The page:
organizational objective. Examples are an
electrical tag-out procedure, a maintenance
requirement card (MRC), or a command check-
in/out sheet. Ensure personnel comply with your
divisions established procedures, and submit
requests for correction whenever a procedure
becomes outdated or is in error.
RULES AND REGULATIONS. Rules and
regulations are standing plans that specifically
state what personnel can and cannot do in a given
circumstance. Commands use them to ensure
personnel adhere to policy. Navy Regs, SORN,
and command regulations fall into this category.
Although you should enforce rules and regula-
tions, you dont have to place everyone who
violates a rule or regulation on report. As a chief
petty officer, you have some latitude in applying
corrective measures, depending on the severity of
Single-use plans are those used for short-range
nonrecurring activities. You should excel in this
area of planning. Make short-range planning a
part of your daily activity. Use strategic plans and
standing plans to determine short-range planning
requirements. Short-range plans should include
monthly, weekly, and daily plans. Types of single-
use plans you will develop include programs,
projects, and budgets.
PROGRAMS. Programs are single-use plans
that state a specific goal and give the major steps,
the timing of those steps, and the resources
required to meet the stated goal. Examples of
programs include the Personal Excellence Program,
the National Apprenticeship Program, and the
Overseas Duty Support Program.
PROJECTS. Projects are the separate tasks
you must plan to meet program goals. When you
make plans to paint divisional spaces, you are
planning a project required to meet the goals of
the Habitability Program. When you fill out a
training schedule, you are planning a project
required to meet the goals of your command training
Become familiar with the Navys programs.
Doing so can help you to lead and manage your
work center more efficiently because you will be
aware of what is expected of you. You will also
have steps to follow in reaching program goals.
You can then devise projects to meet those goals,
BUDGETS. Budgets are planned revenue
and expenditures of money, time, personnel,
equipment, and so forth, expressed in numerical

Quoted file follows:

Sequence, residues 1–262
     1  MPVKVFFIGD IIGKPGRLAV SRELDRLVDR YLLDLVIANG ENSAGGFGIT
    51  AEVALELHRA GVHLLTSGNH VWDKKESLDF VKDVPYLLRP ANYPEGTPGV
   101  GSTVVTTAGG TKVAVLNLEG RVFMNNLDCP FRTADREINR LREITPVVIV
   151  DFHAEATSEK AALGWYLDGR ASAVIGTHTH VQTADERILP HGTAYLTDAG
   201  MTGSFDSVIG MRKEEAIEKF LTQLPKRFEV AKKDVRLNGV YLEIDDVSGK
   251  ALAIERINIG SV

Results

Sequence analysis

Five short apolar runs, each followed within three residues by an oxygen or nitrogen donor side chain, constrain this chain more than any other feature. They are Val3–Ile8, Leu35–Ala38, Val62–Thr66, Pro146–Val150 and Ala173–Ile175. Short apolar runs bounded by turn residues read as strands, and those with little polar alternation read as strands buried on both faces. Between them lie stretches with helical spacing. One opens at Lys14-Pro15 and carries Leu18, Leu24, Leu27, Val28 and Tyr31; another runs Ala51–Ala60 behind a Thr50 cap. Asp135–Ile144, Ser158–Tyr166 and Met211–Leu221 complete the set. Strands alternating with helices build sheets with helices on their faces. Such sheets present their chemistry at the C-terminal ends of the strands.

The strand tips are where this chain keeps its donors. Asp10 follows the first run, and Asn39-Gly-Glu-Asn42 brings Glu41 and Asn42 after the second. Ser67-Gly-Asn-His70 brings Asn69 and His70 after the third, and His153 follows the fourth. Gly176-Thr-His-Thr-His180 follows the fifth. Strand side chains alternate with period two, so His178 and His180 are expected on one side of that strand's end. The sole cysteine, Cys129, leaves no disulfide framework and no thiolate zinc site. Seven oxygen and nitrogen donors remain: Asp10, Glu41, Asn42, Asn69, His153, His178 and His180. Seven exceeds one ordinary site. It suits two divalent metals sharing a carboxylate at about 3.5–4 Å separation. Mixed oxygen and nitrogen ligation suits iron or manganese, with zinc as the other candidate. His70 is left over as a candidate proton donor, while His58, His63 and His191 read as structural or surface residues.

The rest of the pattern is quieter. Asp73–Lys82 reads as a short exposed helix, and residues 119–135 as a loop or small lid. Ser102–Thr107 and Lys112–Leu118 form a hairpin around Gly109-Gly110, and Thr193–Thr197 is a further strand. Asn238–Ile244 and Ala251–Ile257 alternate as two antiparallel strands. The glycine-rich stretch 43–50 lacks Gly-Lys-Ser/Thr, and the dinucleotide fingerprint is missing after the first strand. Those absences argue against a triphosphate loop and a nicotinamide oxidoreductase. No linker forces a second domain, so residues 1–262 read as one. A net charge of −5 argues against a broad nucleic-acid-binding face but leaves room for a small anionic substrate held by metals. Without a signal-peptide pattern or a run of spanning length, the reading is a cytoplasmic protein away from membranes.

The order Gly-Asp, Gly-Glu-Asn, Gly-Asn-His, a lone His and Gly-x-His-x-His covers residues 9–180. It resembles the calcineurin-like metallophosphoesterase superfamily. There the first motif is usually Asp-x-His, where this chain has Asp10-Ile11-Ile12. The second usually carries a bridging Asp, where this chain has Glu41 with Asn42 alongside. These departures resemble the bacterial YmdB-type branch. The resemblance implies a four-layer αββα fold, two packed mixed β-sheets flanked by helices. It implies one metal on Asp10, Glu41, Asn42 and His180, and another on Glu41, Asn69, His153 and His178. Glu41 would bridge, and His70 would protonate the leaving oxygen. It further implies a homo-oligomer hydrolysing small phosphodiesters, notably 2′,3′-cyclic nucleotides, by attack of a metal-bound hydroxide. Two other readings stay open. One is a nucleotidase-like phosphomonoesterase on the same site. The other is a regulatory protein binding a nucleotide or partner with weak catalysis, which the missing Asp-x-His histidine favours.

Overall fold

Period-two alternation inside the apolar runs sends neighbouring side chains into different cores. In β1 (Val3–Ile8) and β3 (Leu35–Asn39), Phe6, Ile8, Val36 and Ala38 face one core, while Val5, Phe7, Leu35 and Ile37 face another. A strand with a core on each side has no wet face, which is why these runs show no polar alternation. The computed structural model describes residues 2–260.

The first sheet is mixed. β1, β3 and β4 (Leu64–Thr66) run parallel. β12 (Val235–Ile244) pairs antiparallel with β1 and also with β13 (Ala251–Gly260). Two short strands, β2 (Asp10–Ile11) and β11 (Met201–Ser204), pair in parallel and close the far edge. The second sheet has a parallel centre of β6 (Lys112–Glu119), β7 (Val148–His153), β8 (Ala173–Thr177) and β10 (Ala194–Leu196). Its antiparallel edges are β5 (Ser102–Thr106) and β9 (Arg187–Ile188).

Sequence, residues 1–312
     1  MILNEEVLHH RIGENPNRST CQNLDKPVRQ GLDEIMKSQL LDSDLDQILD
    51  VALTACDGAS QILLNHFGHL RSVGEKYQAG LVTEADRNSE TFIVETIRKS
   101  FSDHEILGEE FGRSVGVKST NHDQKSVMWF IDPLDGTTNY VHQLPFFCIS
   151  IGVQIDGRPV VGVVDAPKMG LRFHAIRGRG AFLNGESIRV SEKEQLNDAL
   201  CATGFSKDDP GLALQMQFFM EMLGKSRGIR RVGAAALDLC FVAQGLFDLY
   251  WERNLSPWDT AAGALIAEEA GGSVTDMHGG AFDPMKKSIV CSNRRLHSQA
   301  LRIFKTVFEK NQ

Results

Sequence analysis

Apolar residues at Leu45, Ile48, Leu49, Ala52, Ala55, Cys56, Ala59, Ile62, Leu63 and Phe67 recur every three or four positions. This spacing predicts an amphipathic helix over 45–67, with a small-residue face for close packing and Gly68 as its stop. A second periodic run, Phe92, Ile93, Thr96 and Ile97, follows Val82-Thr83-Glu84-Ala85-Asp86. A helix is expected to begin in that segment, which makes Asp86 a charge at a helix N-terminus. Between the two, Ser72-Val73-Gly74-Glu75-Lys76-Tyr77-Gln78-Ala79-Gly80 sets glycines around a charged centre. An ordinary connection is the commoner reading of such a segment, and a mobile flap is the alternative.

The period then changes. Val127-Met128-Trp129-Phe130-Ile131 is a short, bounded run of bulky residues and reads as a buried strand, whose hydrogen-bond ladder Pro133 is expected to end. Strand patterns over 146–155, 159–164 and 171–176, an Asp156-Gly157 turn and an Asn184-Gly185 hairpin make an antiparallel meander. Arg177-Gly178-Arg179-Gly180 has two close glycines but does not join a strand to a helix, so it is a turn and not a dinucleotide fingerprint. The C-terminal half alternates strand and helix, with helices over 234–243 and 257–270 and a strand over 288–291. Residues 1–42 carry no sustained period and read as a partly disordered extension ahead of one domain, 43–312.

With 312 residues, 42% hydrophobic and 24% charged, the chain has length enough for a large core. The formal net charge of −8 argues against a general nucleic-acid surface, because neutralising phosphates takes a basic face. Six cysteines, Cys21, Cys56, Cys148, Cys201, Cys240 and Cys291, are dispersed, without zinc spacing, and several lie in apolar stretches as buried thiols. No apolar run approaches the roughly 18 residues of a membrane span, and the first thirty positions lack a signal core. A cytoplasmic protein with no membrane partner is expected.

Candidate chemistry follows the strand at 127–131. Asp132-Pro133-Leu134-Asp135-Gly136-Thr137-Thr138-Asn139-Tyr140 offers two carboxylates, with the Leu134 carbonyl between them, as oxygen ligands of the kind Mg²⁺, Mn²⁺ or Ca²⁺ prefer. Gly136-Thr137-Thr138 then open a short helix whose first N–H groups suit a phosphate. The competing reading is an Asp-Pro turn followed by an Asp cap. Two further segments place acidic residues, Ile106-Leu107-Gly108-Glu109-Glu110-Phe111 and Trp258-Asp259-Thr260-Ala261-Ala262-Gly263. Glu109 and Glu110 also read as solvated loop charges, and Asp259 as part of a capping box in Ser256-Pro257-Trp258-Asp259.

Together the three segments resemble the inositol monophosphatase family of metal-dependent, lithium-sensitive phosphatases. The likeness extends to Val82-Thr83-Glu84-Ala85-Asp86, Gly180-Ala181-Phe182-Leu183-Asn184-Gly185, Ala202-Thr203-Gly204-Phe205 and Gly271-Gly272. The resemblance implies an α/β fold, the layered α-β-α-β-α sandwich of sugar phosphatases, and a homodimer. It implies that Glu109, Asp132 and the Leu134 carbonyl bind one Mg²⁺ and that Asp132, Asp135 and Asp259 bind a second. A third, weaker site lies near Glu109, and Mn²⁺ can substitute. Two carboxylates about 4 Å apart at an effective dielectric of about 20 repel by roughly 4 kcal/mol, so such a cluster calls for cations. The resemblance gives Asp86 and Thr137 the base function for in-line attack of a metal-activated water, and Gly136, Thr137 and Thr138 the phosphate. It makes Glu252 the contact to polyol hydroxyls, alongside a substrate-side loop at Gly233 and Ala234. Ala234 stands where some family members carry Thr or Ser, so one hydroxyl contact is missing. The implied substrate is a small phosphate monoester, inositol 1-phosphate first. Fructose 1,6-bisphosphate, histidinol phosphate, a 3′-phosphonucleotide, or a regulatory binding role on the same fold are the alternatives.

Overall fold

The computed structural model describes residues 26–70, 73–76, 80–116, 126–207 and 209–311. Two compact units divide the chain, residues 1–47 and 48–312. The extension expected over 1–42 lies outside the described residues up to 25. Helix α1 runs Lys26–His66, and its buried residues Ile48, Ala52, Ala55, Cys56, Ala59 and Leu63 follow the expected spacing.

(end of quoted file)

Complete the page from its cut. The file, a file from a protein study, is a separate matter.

terms, usually by category and over a period of
time. Most people think of budgets only in relation
to money. You should think of a budget as a
detailed plan of how you will use all of your
When you plan a project, make a budget of
the time allowed, the personnel assigned, and the
material resources and funding required.
MANAGEMENT BY OBJECTIVES
Management by objectives (MBO) is a fancy
term for the type of management most commands
use. MBO means supervisors and subordinates
take part in setting overall goals for the organiza-
tion. Each individual has a responsibility for
meeting a major area of the goal. The command
expresses that responsibility as those steps it
expects individuals to take in meeting those goals.
The command then uses those expectations as a
measuring device to gauge the successful
completion of the job.
The Navy Leader Development Program
(NAVLEAD) is based on MBO. It teaches Navy
leaders to set goals. The leaders use management
and supervisory skills, outlined later in this
chapter, to achieve desired results in the work
center or division.
The purpose of MBO is to set clearly defined
goals that all participants can easily understand.
MBO helps managers plan, define jobs, motivate
subordinates, interact with subordinates, evaluate
worker performance, and link command objectives
to division or work center objectives.
MBO is based on two basic principles. The
first is that if you get people committed to a goal,
they are more willing to work toward that goal.
The second is that if you allow people to set the
goal, they will do everything possible to achieve
As a manager, your first job is to get people
committed to a goal through joint decision
making. When done correctly, your subordinates
will have a personal interest in accomplishing the
goal. The goal will no longer be just what the chief
wants to do, but what your subordinates told you